Canning and pickling are in my blood. From July to September, you’ll find me sterilizing jars, simmering sauces, and turning every wayward vegetable scarp into a pickle.  

Maybe I owe my stubborn canning habit to my Midwestern upbringing. My college friend Tiffany used to travel home to Eastern Michigan on early autumn weekends to help her family preserve the food grown on her family farm. She, her mother, and aunt would gather in her Grandma Stella’s basement, which was specially outfitted for canning. They sweated away their weekends filling caseloads of jars which were then split evenly amongst the relatives. Towards the end of our college years, Tiffany’s mother, Jude, fell ill with cancer. But even in her weakened state, Jude would lay on the couch in the canning kitchen and direct the others.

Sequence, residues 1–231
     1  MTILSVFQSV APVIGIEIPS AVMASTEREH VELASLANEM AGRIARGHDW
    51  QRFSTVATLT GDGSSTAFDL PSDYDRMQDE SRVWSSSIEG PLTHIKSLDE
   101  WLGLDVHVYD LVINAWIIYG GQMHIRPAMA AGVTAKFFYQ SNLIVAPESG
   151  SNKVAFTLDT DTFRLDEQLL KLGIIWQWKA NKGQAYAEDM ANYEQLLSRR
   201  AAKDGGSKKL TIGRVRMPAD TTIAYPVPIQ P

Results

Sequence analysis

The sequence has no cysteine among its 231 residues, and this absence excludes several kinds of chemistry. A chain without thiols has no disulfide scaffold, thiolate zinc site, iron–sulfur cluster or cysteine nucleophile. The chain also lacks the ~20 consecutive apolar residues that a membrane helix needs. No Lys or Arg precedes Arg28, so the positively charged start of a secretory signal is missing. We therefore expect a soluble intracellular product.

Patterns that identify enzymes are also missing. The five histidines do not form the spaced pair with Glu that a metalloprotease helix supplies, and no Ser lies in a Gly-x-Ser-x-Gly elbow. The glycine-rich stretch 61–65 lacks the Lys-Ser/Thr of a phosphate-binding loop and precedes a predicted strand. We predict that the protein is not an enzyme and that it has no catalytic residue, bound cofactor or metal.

Fifteen years ago, after both Tiffany’s mother and grandmother had died, the family gathered to clean out the canning kitchen. To Tiffany, these jars were the most precious jewels she could have inherited. She would be able to eat meals made by her mother’s hands long after the final time she’d held them.  

Preserving food has never been just about staving off winter starvation. If we have nothing saved for tomorrow, we’ll also have nothing to leave behind.  

 

 

What is an 18(02) post without your bonus 02!

by Josh and Brent

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Lynne Della Pelle Pascale

Preserves have a way of crossing time to tell us something. Your final comment, about saving for tomorrow so we have something to leave behind, is apt. On my kitchen counter is a two gallon glass jar of pickles with a bail that my father canned in the summer of 1994, just before he passed away from kidney cancer. And in my pantry cabinet is a small, quilted glass jar of peaches, given to me by a 80-something friend several years ago, just before she suddenly passed. Like your friend, Tiffany, I’m so happy to have these jars, representing loved ones and friends. Thanks for the story.

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